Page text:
Water is life. It’s also big business. In our November + December 2023 issue, Mother Jones dives into the West’s deepening water crisis—and the forces behind it, from historic drought to short-sighted policies to corrupt lawmakers and the special interests they serve. Read the full package here.
A dusty old map changed the course of Aaron Million’s life. One day in 2002, back when he was a resource economics master’s student studying in a Colorado State University library basement, he came across a 1918 survey and had a “lightbulb moment.” The map showed a 41-mile crescent of the Green River—a tributary of the Colorado River that mainly runs through Wyoming and Utah—swooping through Colorado’s northwest corner. “I’ve cowboyed that river,” Million, who comes from a ranching family, recalls, but “I had frankly forgotten it came into the state.”
He was struck by the idea that Coloradans could stake a claim to the Green’s water—and soon learned that no one had ever tried. Thus began his ongoing quest to port the river’s water hundreds of miles out of Utah, across Wyoming, over the Rockies, and into Colorado’s arid Front Range. If completed, Million says it would likely be “the largest privately funded water project in Western history.”
Large-scale 20th-century infrastructure projects in the Colorado River Basin made the West as we know it, funneling water across deserts and sprouting farms, suburbs, and golf courses. But in the early 2000s, society’s thirst became stronger than the Colorado’s flow, a situation made worse by rising temperatures and other shocks of climate change. Today, even as the river faces an annual shortage of 1.5 million acre-feet, water managers continue to propose massive diversions to booming metropolitan areas and farmland. One contentious multibillion-dollar venture, which the Trump administration attempted to fast-track in 2020, would draw up to 86,000 acre-feet of water a year from the Lake Powell reservoir to a county in southwest Utah, where water use per capita is already double that of Tucson, Arizona. If every proposed dam and diversion project were built, an additional 1.4 million acre-feet from the river and its tributaries would be siphoned every year, according to a list compiled by the nonprofits Great Basin Water Network and Save the Colorado.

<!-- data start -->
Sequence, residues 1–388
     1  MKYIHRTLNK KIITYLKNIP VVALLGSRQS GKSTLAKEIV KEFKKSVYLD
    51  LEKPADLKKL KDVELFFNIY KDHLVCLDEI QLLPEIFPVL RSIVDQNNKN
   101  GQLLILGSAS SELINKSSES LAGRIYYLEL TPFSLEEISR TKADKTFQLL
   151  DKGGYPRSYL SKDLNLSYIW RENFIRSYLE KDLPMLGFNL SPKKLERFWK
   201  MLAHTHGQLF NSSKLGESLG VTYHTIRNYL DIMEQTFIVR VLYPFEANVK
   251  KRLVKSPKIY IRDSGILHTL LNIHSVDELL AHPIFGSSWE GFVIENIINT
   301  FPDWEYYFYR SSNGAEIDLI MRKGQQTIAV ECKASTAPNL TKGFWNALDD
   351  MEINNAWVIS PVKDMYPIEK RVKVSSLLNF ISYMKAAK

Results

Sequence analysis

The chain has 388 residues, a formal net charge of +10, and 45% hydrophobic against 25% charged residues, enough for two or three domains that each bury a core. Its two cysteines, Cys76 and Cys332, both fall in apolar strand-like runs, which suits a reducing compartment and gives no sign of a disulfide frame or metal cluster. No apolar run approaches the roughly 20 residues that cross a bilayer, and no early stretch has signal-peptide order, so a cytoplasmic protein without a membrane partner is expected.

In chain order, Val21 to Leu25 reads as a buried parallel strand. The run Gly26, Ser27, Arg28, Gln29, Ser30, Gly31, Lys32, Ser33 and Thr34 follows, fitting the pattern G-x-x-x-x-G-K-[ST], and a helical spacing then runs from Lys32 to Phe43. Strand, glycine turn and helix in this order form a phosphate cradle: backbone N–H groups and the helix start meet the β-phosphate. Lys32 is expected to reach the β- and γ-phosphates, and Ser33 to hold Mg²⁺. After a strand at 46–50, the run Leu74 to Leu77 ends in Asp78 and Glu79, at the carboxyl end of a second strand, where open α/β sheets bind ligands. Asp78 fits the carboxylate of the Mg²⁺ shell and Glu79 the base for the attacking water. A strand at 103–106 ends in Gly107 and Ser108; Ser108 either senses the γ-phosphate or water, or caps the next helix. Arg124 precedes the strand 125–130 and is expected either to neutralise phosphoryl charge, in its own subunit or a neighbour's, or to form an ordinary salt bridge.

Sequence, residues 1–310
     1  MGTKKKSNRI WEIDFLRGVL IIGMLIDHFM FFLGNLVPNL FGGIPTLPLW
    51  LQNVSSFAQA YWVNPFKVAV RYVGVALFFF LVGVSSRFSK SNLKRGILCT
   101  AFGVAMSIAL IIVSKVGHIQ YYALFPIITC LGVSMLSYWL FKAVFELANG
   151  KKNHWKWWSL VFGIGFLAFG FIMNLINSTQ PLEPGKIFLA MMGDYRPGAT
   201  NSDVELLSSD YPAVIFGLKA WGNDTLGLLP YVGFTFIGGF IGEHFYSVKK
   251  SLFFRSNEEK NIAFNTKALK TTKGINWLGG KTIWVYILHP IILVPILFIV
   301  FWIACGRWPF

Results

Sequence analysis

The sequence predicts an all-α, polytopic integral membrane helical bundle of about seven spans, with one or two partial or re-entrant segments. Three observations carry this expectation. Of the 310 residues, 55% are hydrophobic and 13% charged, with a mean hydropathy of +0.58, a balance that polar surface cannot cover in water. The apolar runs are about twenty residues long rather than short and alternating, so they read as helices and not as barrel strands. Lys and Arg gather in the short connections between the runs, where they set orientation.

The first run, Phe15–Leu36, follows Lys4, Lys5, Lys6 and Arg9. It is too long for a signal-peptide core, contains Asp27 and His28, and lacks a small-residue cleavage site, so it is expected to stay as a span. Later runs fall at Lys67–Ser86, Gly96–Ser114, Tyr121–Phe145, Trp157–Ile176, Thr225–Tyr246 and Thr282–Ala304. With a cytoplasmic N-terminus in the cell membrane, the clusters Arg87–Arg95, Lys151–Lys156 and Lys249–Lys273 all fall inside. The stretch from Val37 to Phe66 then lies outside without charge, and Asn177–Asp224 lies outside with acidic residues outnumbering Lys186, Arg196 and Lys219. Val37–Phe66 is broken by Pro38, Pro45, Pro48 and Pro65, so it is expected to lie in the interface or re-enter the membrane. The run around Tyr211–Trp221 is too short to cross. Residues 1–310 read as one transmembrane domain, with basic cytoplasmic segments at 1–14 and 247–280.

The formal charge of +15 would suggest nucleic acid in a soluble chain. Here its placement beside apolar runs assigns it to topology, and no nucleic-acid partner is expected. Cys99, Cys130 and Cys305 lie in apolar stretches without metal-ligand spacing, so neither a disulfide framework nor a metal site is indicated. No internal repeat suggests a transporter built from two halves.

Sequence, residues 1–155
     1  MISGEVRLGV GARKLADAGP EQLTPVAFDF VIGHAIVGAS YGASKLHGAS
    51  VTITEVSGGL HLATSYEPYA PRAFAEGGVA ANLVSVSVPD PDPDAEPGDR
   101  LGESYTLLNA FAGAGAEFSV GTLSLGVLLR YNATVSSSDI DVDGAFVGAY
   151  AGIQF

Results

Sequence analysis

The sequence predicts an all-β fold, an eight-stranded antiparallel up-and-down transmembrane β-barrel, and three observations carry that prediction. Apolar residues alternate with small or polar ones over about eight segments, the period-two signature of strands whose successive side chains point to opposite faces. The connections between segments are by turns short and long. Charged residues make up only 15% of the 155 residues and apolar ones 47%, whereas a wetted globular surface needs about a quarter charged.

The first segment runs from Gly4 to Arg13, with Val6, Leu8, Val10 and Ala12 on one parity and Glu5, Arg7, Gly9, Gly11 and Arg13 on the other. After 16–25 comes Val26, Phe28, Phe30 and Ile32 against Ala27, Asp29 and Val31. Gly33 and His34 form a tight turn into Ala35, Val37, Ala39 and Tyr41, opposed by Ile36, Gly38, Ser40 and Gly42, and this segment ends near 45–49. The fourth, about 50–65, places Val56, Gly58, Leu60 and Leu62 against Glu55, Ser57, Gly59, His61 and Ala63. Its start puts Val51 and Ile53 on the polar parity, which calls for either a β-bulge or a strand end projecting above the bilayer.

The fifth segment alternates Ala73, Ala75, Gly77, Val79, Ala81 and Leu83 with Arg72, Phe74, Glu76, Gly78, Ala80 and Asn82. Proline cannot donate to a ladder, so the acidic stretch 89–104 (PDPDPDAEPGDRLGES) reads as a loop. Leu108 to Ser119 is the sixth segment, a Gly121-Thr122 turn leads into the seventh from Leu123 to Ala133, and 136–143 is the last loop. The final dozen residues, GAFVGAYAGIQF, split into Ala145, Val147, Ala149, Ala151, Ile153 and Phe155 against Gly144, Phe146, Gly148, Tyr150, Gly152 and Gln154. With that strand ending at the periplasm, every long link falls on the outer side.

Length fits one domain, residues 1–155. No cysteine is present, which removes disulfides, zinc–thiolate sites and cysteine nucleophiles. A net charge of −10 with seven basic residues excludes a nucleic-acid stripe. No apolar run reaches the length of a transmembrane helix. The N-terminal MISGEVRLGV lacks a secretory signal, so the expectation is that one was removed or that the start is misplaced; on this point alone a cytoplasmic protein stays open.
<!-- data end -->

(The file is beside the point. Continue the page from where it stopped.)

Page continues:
Water managers should instead be pushing conservation and water recycling, argued researchers in a 2012 report by the National Resources Defense Council. But one reason they aren’t, says Denise Fort, an environmental law professor emeritus at the University of New Mexico who co-authored the report, is that “from the point of view of an elected official, if you can bring home over the years a billion for a water project, that’s far easier than telling people in a region they’re going to have to cut back.”
Along the Front Range, where Million’s 338-mile pipeline would end, the population has swelled even as the water supply faces threats, including the state of Colorado’s debt to other states under a 1922 pact dividing up the Colorado River’s water. Million thinks his pipeline, which he boasts is a multipurpose, “21st-century platinum project,” can not only help quench demand from agriculture and the state’s growing population, which is expected to double by 2050; it can also furnish up to 1,000 megawatts of hydro power. The vast majority would be generated by turbines turned with gravity-fed pumped storage, which generates electricity when grids need it most.
But Million’s vision for the project, which would divert 55,000 acre-feet from the Green a year, hinges on his conviction that the Green is running on a surplus; he says modeling by the Bureau of Reclamation and other organizations suggests the river “has 700,000 acre-feet above the knees,” the depth analysts say is needed to keep things flowing for both recreational rafters and several species of fish.
Bart Miller, healthy rivers director of the nonprofit Western Resource Advocates, has a different perspective. “Basinwide, there’s a shortage,” he says, explaining that even if the Green had a sustainable supply—something Miller says he’s never heard anyone suggest—whatever it could offer should flow into the drying Colorado. “At some level, it’s all connected.”
And there are other claims on the Green. At a conference about the Colorado River earlier this year, a representative of the Utah Utes argued that their tribe was owed 500,000 acre-feet annually from the Green based on a 1965 agreement. But without infrastructure and clean water rights, “we’ve had to just watch it flow past us every year,” the tribal vice chairman told Cowboy State Daily.
In 2020, Utah’s Division of Water Rights rejected an application key to Million’s project mostly out of concern that Colorado hadn’t weighed in. Million sued and is awaiting a decision. In the meantime, the company he founded to build the pipeline, Water Horse Resources, signed a deal with MasTec, a Fortune 500 construction outfit, and continues to attract investors.
In August, the Bureau of Reclamation announced that, despite blockbuster winter snowfall, Lower Basin states would still have to make water cuts. Million views his pipeline and its green power potential as conservation friendly. But I kept thinking of something he said when recounting his eureka moment in the library basement. The old map was “a treasure map,” he gushed, representing “literally billions of dollars of water sitting there.” As the Western water crisis deepens, the question is how to share the Colorado River Basin’s bounty fairly.